A guide to the party conference season
The autumn meetings will take place against a backdrop of Brexit chaos
The party conference season is just around the corner - and this year’s events promise to be like no other.
The annual meetings normally allow members and representatives to debate and vote on policies, hear speeches from leaders and discuss topical issues.
But given the current Brexit chaos, the upcoming conferences may deviate from the standard format. The two main parties are both internally divided, while smaller parties are winning over voters with clearer standpoints on the UK’s withdrawal from the EU.
“Our politics is evidently in an unusually febrile state – the outcome of which is even more difficult to anticipate than usual,” says John Curtice in The Independent.
A snap general election is expected in the near future, despite MPs again rejecting Boris Johnson’s call on Monday for an early return to the polls. As such, “all political parties will use their forthcoming conferences to try to woo voters”, says The Times.
So what can we expect? Here is an overview of the main party conferences and what to expect.
Jo Swinson will head into her first party conference as leader this weekend, and will be asking members in Bournemouth to back a manifesto pledge to support the cancellation of Article 50.
“The Lib Dems have so far shied away from formally endorsing the revocation of Article 50, the mechanism under the EU’s Lisbon Treaty which kicked off Britain’s exit from the bloc,” notes PoliticsHome.
But Swinson this week told The Guardian: “Whenever the election comes, our position is clear and unequivocal. A majority Liberal Democrat government would not renegotiate Brexit, we would cancel it by revoking article 50 and remaining in the European Union.”
This year’s Labour conference will shape the vision of the main opposition party ahead of a likely general election.
“Pro-EU grassroots activists are hoping this month’s Labour conference will commit the leadership to backing Remain under all circumstances,” says Iain Watson at the BBC. And some senior figures have the same goal.
But while Labour has been “united in opposing a no-deal Brexit”, the party has been “less united over what policies to pursue during a general election campaign”, Watson adds.
One non-Brexit issue that looks likely to grab headlines in Brighton is a motion calling for “a commitment to integrate all private schools into the state sector”.
Ian Lavery, a close ally of Jeremy Corbyn, is endorsing the campaign, arguing that private schools are “incompatible” with Labour’s pledge to promote “social justice” in education, reports The Telegraph.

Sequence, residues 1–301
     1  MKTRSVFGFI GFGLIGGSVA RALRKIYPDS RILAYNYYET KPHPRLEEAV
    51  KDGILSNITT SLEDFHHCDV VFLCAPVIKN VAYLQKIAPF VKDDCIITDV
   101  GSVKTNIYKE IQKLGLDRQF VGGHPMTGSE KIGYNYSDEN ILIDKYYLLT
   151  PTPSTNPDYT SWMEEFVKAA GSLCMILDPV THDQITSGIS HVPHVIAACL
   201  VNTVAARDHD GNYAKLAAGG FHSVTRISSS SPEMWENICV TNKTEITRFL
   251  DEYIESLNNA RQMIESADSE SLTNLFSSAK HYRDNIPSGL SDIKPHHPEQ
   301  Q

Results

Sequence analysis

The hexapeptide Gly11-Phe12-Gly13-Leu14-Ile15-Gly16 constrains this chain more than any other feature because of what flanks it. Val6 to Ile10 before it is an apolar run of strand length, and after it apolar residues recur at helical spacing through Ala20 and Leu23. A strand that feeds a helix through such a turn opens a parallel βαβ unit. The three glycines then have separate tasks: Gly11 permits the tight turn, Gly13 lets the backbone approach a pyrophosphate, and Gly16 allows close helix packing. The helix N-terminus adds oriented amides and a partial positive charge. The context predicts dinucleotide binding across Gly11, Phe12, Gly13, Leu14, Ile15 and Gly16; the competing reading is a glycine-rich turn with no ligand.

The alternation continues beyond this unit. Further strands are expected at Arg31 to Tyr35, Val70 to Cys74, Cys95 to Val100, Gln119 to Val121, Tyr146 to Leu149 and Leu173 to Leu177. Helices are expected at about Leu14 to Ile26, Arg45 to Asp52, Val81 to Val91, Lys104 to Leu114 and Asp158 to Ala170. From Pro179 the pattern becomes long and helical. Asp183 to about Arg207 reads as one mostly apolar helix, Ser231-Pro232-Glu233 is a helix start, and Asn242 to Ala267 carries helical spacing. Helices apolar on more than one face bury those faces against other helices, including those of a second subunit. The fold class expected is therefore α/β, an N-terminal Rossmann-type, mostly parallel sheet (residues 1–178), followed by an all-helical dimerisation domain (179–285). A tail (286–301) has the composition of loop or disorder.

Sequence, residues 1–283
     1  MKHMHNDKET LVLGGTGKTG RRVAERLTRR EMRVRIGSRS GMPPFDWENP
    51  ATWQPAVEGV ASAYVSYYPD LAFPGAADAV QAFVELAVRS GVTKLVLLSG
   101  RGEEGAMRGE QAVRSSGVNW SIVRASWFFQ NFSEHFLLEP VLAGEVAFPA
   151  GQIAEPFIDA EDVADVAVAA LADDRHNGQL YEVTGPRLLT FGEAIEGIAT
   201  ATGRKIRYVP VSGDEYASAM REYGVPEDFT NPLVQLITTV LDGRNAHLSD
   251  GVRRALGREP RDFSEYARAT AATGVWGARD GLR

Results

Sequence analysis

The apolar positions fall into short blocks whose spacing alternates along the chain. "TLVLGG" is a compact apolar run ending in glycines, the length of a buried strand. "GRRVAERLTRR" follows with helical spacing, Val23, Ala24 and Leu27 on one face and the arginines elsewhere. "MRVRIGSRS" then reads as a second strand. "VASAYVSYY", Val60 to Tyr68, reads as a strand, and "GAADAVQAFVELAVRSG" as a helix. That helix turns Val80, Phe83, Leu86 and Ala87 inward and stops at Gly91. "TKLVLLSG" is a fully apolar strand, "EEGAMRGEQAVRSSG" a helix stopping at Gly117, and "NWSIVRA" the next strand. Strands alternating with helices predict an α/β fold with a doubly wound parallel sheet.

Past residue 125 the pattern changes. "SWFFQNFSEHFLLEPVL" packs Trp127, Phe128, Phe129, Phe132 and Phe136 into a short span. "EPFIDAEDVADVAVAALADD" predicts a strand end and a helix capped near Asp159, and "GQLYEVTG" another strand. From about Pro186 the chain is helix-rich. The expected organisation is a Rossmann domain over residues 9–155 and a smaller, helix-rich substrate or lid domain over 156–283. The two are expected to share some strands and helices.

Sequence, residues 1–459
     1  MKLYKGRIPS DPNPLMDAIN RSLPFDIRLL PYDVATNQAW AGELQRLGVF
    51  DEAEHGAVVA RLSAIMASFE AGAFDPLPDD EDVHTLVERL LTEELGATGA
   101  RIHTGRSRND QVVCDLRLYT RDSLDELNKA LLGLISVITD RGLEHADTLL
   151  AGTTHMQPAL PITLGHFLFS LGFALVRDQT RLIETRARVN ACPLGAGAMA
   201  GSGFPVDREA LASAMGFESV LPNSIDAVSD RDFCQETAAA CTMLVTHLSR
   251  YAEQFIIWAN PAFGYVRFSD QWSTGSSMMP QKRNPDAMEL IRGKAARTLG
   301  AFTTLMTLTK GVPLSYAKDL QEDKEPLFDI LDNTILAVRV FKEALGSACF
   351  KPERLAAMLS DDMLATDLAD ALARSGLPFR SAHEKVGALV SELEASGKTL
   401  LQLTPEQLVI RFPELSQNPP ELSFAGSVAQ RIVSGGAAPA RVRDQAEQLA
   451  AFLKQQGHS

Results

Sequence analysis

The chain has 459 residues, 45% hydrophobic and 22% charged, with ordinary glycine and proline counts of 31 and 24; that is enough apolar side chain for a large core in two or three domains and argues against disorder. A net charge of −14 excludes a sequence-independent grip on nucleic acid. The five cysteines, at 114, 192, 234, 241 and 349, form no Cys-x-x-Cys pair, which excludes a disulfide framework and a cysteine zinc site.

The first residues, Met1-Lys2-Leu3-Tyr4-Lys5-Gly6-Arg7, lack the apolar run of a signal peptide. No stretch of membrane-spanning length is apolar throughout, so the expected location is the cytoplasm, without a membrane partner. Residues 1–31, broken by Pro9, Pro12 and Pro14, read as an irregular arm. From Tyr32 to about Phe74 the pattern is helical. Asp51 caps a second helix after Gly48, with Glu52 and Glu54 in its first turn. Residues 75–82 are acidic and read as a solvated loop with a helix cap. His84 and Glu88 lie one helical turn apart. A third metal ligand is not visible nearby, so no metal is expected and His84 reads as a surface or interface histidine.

Boris Johnson was on the fringes of the party conference last year, when he laid out what was widely seen as a manifesto for a potential leadership bid. Now, he is in charge, and the stakes couldn’t be higher.
The prime minister has been accused of turning the Conservatives into the “Brexit Party, rebadged”, after removing the whip from 21 of his own MPs for rebelling against the Government, and testing the limits of British democracy in his determination to lead Britain out of the EU by 31 October.
The ruling party’s conference will be “very important” this year, says former Tory leader William Hague in an article for The Telegraph. “It will be the launch pad for an election, but also a powerful indicator of future philosophy and direction.”
The Times reports that No. 10 has been “scrambling” for “eye-catching policies” to announce at the meeting, after government advisers were told just weeks ago that the event was not a priority. The newspaper notes that “if Boris Johnson had succeeded in calling a general election, the autumn party conference would have been just one part of a wider campaign”.
Downing Street has rejected the claim that it is struggling for ideas, but a government source told The Times that “departments had been asked to come up with ‘bigger and better’ policies than in recent years ‘that are of actual interest to people’s lives’”.
The Green Party will hit the autumn conference season with added confidence in the wake of its EU election success in May. The number of Green MEPs more than doubled from three to seven as the party’s share of the vote increased by 4.6% to 12.5%.
Caroline Lucas, the Greens’ sole Westminster MP, “credited the Green Party’s messages prioritising action on the climate crisis and rejecting Brexit with delivering its best result in decades as it pushed the Tories into fifth place in England and Wales”, as The Guardian reported at the time.
The upcoming conference will reveal if this will be the party’s strategy going into the next general election.
The then-newly formed Brexit Party was also celebrating after the May elections, with 26 MEPs elected to the European Parliament.
Leader Nigel Farage is currently holding a “conference tour”, travelling through England and Wales, before arriving in London for a final evening event on 27 September.
The tour will see the former UKIP leader appearing alongside regional speakers for hour-long engagements at a total of ten locations. “We will be travelling across the length and breadth of the country, bringing our message to the regions, rather than demanding that everybody comes to us,” said Farage.